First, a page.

Sometimes, it only takes a little nudge to bring a smile, make a decision or discover a bright light in one’s life. Jaishen Rajah’s stellar collection of 365 motivational parables—one for each day of the year—does just that with witty, entertaining and thought-provoking stories.
The author is a doctor, researcher and international speaker who holds degrees in politics and philosophy and currently lives in the United Arab Emirates. He spent 20 years gathering his little gems, which are usually followed by a brief summation of each story’s message plus a quote that more succinctly brings its point home, from well-known people ranging from Henrik Ibsen to Phyllis Diller.
The parables are organized under different themes for each month, including “Philosophy and Wisdom,” “Children and Family,” “Spirituality” and so on. Each is generally limited to little more than a page and can be read in just a few minutes. Many offer a chuckle. One entry, for example, relates the story of a boy who is berated by his father for bringing home bad grades. Referring to a neighborhood child, the father says, “He doesn’t get a C or D, does he?” “[I]t’s different with him,” the boy retorts. “He has very bright parents.” Moral of the story? “[A] good learning environment can trump bad genes.” Other entries serve as inspiration or food for thought. The book also includes sections of “Memorable Verses” and “Lateral Thinking and Puzzlers.“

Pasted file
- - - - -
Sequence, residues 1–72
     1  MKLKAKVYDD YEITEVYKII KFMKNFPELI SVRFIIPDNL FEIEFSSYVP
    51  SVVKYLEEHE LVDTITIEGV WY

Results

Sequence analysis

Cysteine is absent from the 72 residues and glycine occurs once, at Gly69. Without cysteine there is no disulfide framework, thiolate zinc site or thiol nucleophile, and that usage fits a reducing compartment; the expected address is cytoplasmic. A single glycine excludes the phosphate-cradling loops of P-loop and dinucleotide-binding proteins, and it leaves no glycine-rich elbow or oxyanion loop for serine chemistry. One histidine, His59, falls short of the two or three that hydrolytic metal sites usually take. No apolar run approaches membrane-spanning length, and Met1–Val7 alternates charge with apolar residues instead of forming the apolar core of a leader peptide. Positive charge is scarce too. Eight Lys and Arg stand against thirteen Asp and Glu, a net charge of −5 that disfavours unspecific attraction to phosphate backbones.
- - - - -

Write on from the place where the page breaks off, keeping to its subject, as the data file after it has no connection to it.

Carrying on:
One minor quibble: while each section’s content is listed in the front of the book, the page numbers of various entries aren’t included, nor is an index. This makes it difficult to revisit a parable you particularly liked.
This aside, the book is well-organized and user friendly, offering a year’s worth of provocative entertainment. As it gently urges readers to approach life with humor, thought and care, it provides an utterly charming selection that would also be a welcome gift book for friends and family.
Also available in hardcover.